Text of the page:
Global-to-Local Dependencies in Phosphorus Mass Flows and Markets: Pathways to Improving System Resiliency in Response to Exogenous Shocks

Justin Baker, Nathan Schunk, Matt Scholz, Ashton Merck, Rebecca Logsdon Muenich, Paul Westerhoff, James J. Elser, Owen W. Duckworth, Luke Gatiboni, Minhazul Islam, Anna Maria Marshall, Rosangela Sozzani, Brooke K. Mayer

Research output: Contribution to journalReview articlepeer-review


Uneven global distribution of phosphate rock deposits and the supply chains to transport phosphorus (P) make P fertilizers vulnerable to exogenous shocks, including commodity market shocks; extreme weather events or natural disasters; and geopolitical instability, such as trade disputes, disruption of shipping routes, and war. Understanding bidirectional risk transmission (global-to-local and local-to-global) in P supply and consumption chains is thus essential. Ignoring P system interdependencies and associated risks could have major impacts on critical infrastructure operations and increase the vulnerability of global food systems. We highlight recent unanticipated events and cascading effects that have impacted P markets globally. We discuss the need to account for exogenous shocks in local assessments of P flows, policies, and infrastructure design choices. We also provide examples of how accounting for undervalued global risks to the P industry can hasten the transition to a sustainable P future. For example, leveraging internal P recycling loops, improving plant P use efficiency, and utilizing legacy soil P all enhance system resiliency in the face of exogenous shocks and long-term anticipated threats. Strategies applied at the local level, which are embedded within national and global policy systems, can have global-scale impacts in derisking the P supply chain.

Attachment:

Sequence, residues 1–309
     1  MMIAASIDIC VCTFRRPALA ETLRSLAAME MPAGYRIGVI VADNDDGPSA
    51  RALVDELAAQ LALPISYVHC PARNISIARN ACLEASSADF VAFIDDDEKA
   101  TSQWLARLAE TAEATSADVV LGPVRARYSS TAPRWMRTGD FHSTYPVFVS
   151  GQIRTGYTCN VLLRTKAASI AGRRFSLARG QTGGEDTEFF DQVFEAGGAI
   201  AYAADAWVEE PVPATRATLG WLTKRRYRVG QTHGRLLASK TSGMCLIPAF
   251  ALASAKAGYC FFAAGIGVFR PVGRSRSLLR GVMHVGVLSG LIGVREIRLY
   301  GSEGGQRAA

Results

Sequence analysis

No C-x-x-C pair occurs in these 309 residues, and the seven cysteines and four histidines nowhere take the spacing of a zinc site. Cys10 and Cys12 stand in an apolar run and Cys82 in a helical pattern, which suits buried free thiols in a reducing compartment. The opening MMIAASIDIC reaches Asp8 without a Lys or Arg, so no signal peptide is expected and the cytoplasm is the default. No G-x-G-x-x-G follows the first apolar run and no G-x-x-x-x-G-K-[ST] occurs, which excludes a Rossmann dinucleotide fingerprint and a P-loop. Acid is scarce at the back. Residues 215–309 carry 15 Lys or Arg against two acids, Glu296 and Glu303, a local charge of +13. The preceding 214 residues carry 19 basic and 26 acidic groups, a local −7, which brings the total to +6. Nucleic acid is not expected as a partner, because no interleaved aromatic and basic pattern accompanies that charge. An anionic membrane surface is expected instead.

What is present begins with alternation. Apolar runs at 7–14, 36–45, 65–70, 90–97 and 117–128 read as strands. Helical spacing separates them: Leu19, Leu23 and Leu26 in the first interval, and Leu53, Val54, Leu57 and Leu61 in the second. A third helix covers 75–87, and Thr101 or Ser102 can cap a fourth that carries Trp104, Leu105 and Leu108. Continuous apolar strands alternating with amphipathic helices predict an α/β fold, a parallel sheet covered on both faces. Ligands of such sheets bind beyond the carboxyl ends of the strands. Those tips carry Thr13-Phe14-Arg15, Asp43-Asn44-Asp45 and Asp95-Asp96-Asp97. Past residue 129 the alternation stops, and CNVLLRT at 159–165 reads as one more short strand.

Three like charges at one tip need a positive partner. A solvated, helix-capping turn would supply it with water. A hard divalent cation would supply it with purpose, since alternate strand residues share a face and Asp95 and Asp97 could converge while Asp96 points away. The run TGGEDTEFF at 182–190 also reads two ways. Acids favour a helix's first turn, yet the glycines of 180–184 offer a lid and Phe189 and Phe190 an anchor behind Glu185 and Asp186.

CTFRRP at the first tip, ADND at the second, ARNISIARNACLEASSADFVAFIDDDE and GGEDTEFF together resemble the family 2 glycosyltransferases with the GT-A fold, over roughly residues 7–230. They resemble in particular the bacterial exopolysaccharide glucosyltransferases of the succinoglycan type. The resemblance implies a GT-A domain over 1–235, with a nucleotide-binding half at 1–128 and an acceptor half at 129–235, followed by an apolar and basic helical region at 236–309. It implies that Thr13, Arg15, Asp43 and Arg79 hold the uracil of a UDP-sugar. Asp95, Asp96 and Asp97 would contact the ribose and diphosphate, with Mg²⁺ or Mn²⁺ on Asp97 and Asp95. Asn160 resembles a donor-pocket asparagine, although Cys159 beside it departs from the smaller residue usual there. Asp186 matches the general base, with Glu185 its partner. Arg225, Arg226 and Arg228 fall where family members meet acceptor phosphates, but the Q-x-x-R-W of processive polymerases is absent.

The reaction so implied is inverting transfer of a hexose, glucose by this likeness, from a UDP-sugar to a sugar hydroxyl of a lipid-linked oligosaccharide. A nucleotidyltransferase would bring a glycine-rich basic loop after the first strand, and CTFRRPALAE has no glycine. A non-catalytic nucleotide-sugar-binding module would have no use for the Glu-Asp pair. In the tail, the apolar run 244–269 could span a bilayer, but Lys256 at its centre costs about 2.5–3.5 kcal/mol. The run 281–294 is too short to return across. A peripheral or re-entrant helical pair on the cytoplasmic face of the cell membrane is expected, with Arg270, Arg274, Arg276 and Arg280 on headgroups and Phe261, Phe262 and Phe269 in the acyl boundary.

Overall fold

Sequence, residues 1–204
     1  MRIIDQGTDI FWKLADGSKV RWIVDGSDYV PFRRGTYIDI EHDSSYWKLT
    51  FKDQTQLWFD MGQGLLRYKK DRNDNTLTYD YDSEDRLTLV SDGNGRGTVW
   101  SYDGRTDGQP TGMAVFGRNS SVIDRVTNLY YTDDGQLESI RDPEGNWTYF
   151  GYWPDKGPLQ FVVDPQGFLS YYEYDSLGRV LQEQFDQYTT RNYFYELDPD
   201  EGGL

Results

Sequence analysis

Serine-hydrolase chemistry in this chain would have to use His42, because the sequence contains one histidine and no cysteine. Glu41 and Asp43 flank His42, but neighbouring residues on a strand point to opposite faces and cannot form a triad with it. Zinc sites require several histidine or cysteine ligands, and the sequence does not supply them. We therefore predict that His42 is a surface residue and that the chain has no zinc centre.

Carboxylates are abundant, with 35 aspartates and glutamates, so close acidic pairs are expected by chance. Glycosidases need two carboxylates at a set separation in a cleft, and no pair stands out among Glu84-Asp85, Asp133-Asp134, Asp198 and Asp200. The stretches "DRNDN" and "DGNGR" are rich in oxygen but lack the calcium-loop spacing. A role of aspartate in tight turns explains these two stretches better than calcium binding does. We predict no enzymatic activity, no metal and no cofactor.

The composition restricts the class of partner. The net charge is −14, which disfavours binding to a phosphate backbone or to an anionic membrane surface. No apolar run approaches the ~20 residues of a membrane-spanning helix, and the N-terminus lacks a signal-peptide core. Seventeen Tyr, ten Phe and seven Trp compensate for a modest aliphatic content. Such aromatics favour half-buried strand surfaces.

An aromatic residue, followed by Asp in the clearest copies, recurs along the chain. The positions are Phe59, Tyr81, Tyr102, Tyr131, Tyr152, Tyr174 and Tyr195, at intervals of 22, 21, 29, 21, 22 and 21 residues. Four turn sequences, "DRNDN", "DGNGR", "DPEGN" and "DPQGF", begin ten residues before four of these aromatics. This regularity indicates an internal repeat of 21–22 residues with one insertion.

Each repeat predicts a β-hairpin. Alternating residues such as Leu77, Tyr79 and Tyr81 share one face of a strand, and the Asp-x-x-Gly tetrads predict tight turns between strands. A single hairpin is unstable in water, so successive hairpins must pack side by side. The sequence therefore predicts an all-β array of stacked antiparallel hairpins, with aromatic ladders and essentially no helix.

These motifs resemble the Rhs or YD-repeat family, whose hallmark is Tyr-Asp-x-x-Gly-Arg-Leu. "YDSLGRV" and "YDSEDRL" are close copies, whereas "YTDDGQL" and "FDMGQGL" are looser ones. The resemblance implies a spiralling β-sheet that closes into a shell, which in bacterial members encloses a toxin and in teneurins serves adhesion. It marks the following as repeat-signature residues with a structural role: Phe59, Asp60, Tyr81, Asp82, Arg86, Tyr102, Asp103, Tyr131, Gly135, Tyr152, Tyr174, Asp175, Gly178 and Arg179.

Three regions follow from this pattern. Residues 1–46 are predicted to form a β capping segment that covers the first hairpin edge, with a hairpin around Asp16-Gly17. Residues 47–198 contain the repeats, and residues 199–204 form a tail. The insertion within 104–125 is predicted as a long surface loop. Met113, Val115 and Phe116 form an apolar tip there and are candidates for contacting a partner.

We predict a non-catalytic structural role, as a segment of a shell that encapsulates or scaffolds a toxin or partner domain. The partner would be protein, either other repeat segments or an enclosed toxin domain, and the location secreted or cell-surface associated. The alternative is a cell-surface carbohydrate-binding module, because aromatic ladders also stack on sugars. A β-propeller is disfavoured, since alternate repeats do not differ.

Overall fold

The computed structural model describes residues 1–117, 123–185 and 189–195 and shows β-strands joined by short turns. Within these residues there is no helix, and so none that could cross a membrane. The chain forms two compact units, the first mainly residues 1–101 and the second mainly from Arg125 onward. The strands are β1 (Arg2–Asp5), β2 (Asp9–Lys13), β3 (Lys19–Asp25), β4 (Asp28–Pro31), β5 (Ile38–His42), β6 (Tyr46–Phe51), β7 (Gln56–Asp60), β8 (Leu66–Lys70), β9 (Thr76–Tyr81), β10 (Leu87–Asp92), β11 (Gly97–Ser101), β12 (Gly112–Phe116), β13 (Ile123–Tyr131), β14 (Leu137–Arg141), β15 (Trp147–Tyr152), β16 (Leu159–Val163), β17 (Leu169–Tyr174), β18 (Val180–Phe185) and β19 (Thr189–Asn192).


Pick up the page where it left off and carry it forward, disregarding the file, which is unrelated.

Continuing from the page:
Original languageEnglish (US)
Pages (from-to)493-502
Number of pages10
JournalEnvironmental Science and Technology Letters
Issue number6
StatePublished - Jun 11 2024


  • food security
  • phosphate
  • recycle
  • resilience
  • reuse
  • supply chain
  • sustainable
  • water

ASJC Scopus subject areas

  • Environmental Chemistry
  • Ecology
  • Water Science and Technology
  • Waste Management and Disposal
  • Pollution
  • Health, Toxicology and Mutagenesis


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